Anchorage: Impressions from pre-Statehood Settlers

I spent some time flipping through primary source material this weekend, searching for first-hand impressions of early Anchorage. Back in the 19-teens, Anchorage was just a tent city of folks come to help start the railroad. Delaney Air Strip was still another decade off and statehood still more than 40 years away. I wonder about the likes of folks hunkered down in these tents at the foot of what is today Government Hill–families, adventurers, prospectors, fishermen…Was there a universal sense of community or did one have to fend for one’s self? How did things change over time?
Here are a few quotes from people who would know:
Nellie Brown: “We were all one big family in those days. We didn’t lock the doors at night and the coffee pot was always ready for everyone to help themselves. For greens, I cooked goose tongue, lamb’s-quarter, fireweed and dandelions. For amusement, we played cards. Everyone went to bed at 9 p.m. in 1915.”
Larry “Rocky” Cummins: “The first time I saw Anchorage was in 1926. It was the toughest looking place, all burned off. You could’ve bought the whole town for $10,000, it was just a bunch of little cabins that no one lived in. If you wanted to, you could just move into one of them…The town was fairly tame. There was only one policeman and he had nothing to do. The whole time I was there, there was only one murder.”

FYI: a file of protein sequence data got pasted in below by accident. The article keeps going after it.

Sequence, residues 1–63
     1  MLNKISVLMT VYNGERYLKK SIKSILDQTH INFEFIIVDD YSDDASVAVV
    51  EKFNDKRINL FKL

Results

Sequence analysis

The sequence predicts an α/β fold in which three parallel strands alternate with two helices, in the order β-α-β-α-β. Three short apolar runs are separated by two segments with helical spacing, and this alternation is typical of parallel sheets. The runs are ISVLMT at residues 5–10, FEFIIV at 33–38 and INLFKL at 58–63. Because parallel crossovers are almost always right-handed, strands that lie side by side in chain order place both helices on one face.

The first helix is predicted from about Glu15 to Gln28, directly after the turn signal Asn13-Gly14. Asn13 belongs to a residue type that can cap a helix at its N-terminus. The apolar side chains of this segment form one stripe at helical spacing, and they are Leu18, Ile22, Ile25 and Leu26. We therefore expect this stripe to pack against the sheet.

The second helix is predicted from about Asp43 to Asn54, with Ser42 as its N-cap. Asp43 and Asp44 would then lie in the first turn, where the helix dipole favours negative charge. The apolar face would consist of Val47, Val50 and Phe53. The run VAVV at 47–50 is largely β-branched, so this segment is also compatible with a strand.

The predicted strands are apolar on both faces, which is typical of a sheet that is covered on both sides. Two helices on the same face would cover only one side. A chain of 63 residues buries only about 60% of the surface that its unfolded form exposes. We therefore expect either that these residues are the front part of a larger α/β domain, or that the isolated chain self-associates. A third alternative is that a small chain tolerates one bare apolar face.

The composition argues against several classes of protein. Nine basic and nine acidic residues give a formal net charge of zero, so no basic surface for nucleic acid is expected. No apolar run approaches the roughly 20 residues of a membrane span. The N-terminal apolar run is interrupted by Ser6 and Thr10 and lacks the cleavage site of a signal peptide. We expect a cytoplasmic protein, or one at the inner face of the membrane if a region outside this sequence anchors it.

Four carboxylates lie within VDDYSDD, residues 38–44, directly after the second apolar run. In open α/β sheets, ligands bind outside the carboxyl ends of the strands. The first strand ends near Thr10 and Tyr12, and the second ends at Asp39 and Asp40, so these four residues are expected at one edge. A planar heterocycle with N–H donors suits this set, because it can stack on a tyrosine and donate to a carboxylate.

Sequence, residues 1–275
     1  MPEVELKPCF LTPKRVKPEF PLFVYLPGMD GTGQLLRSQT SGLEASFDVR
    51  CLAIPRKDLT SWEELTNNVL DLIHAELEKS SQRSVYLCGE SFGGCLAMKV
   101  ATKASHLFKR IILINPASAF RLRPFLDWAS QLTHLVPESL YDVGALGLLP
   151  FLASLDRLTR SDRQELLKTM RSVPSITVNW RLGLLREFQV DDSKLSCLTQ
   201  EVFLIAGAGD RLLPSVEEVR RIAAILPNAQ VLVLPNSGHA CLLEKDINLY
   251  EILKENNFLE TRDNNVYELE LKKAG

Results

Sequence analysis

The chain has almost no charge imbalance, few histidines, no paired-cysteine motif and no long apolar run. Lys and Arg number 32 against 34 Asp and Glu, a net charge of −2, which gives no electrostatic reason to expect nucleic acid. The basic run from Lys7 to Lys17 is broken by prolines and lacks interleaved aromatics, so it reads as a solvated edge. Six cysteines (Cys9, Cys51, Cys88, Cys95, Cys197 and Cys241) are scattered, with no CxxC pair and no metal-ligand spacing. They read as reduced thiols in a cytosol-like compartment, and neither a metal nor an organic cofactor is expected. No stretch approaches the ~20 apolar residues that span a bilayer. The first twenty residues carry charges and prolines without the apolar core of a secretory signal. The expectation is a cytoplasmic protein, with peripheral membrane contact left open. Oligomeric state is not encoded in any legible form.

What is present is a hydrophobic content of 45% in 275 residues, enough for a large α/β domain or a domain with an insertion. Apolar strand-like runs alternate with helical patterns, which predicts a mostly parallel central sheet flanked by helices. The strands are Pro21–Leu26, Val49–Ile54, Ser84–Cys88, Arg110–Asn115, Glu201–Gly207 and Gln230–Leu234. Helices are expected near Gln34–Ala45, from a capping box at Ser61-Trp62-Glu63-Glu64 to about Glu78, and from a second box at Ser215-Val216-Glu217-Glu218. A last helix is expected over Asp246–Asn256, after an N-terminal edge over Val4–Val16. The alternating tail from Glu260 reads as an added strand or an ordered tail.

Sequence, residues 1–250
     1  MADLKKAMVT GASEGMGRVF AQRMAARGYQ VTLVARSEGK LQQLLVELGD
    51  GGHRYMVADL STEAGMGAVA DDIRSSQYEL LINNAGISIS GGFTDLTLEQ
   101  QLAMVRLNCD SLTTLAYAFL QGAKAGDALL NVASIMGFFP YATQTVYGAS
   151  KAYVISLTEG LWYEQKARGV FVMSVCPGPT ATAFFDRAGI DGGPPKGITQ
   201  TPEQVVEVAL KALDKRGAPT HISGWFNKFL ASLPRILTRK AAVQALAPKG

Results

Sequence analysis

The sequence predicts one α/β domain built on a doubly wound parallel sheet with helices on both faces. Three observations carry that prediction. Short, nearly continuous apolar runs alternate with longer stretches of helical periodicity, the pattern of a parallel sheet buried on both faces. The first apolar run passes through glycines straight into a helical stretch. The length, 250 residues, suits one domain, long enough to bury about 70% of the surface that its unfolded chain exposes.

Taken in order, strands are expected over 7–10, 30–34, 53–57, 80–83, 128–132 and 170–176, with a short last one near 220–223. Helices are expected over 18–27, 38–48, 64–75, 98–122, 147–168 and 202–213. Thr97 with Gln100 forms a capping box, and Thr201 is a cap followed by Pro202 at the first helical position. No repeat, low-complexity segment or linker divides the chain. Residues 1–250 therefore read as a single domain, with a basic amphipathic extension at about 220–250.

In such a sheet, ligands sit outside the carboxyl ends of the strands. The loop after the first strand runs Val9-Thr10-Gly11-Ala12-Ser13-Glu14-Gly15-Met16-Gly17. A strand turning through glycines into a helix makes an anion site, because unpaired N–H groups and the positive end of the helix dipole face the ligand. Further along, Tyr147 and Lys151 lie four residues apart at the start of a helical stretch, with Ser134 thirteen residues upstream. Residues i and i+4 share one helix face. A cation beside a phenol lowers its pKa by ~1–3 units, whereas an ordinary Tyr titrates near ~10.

Patsy Bowker James: “It was a very nice little town, not rough at all. There was lots of law and order. We only had one policeman, so you can see how rough it was [in the 1920s]. If someone got into trouble, they gave him a blue ticket [a passage out of Alaska], so he’d go south and wouldn’t come back. We had only one boat a week, and everybody went to the Post Office to visit. There were no telephones, so you had to rely on each other for fun.”
Margret Pate, who arrived from Portland, Oregon in 1942: “We arrived safely and went blundering around Anchorage, trying to adjust to the continual daylight, to the delight of those who had already been in Alaska for a week or so. The city itself was an eye-opener. 4th Avenue was paved only a few blocks. There was nothing much on 5th Avenue. There were lots of cabins scattered around on trails, and homes on unimproved roads…Other than the military comings and going at the base at Fort Richardson, the bars seemed to be the main activity in town, with a surprising number of nice shops.”

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